PETA Global 2017 Issue 1


complaints to federal, state, and local authorities. PETA connected with schoolchildren through “elefriend” comic books and worked with humane agencies all across the country to encourage and help them enforce state anti-cruelty laws. PETA persuaded national circus sponsors, including MasterCard and Visa, to sever ties with

that exposed to the entire world just how low the circus was willing to go to protect its profits.

There’s more. Under George, former FBI counterintelligence agent Robert Eringer was

employed to gain the confidence of Janice Pottker, an author writing a tell-all about the Feld family and the circus. Eringer befriended her and persuaded her to abandon the Feld story, offering a significant amount of money for her to write a different book. He also visited PETA’s Maryland office and offered to pay PETA President Ingrid Newkirk a large advance for a book that he said he would publish. Finding the proposal sketchy, she declined. PETA Didn’t Quit … and Ringling Paid PETA documented cruelty to more than 20 elephants held captive by Ringling – ranging in age from just 2 years old to at least 54. PETA demanded that the US Department of Agriculture (USDA) take action when Kenny, a 3-year-old Asian elephant, died shortly after being forced to perform even though he was seriously ill. Feld agreed to donate $20,000 to Asian elephant organizations after the USDA dropped its complaint. PETA asked the agency to remove an ailing elephant named Sarah from the road. A month later, she collapsed while being loaded into a Ringling railcar.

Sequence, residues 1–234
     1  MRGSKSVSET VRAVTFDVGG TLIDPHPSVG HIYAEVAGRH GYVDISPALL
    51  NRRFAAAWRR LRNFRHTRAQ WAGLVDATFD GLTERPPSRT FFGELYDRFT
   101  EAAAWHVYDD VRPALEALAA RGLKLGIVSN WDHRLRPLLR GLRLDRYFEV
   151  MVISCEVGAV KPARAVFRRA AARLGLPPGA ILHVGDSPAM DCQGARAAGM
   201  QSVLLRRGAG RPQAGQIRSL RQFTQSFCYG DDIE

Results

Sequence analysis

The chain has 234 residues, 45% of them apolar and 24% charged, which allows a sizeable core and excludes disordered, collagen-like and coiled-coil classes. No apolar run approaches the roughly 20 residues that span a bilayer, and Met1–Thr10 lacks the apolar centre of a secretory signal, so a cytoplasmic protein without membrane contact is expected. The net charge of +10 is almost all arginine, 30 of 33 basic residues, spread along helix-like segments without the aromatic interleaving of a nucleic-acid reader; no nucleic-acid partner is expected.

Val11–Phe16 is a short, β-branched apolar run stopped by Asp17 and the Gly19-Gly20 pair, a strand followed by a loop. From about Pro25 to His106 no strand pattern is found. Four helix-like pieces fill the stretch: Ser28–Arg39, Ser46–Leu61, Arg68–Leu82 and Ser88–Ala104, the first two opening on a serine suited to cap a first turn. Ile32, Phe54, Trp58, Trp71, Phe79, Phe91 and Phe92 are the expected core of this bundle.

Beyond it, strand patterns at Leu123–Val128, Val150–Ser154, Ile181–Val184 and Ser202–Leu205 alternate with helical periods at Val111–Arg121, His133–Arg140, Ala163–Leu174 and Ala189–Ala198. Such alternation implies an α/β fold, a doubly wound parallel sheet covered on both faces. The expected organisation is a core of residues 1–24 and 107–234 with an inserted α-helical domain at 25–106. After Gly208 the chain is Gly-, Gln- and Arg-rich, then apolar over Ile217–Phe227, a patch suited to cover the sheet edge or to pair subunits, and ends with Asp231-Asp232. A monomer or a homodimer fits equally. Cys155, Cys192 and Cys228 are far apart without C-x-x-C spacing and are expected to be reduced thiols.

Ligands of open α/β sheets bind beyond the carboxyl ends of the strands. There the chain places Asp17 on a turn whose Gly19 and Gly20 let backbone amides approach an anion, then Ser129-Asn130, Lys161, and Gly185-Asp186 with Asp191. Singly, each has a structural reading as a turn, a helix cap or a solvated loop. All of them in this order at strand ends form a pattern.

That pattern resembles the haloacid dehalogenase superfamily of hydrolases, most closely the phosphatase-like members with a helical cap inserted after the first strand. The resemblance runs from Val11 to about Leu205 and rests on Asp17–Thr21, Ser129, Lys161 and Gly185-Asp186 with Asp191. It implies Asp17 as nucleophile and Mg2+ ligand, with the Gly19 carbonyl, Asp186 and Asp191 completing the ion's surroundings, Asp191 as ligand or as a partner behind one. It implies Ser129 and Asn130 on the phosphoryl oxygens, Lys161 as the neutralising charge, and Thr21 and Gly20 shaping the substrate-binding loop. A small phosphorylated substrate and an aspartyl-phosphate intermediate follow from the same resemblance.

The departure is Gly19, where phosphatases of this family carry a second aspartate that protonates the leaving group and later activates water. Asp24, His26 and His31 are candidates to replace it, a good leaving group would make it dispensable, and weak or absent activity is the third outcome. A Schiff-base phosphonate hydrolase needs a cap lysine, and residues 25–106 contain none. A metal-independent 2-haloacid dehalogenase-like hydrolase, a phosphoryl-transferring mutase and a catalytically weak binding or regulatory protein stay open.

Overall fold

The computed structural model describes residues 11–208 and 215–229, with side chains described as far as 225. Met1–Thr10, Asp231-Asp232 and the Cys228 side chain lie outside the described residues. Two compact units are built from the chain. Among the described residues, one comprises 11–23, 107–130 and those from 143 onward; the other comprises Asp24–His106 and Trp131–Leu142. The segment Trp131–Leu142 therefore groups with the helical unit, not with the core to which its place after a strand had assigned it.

Ringling. Early actions included street- theater demonstrations and sit-ins and later evolved into life-size robotics and live tweeting during Ringling

performances. PETA’s website was visited by countless people who learned that animals were being beaten and forced to spend their lives in cages and chains. Circus attendance dropped, and outrage grew. The Fight Gets Dirty Ringling quickly learned that ignoring the groundswell didn't help, so it got serious. The company was so desperate to stay afloat that it hired spies – including Clair George, the former head of covert operations for the CIA (who was paid millions by Kenneth Feld of Feld Entertainment) – to use misrepresentation, illegal electronic surveillance, and stolen PETA

F rom the day when Circus was a target. Thirty- seven years later, the circus that exploited animals for 146 years is finally calling it quits. PETA first opened its doors, Ringling Bros. and Barnum& Bailey

PETA continued to turn up the heat in 2009 by releasing eyewitness footage of Ringling workers striking tigers

Year after year, PETA was a thorn in Ringling’s side. There was no escaping the countless protests held wherever the circus went, the tens of thousands of leaflets distributed, the video exposés, the massive public outreach, or the dozens of formal

documents as part of a conspiracy designed to destroy PETA and other animal-protection organizations. When the conspiracy came to light, PETA filed suit and pried the lid off nearly 20,000 pages of documents


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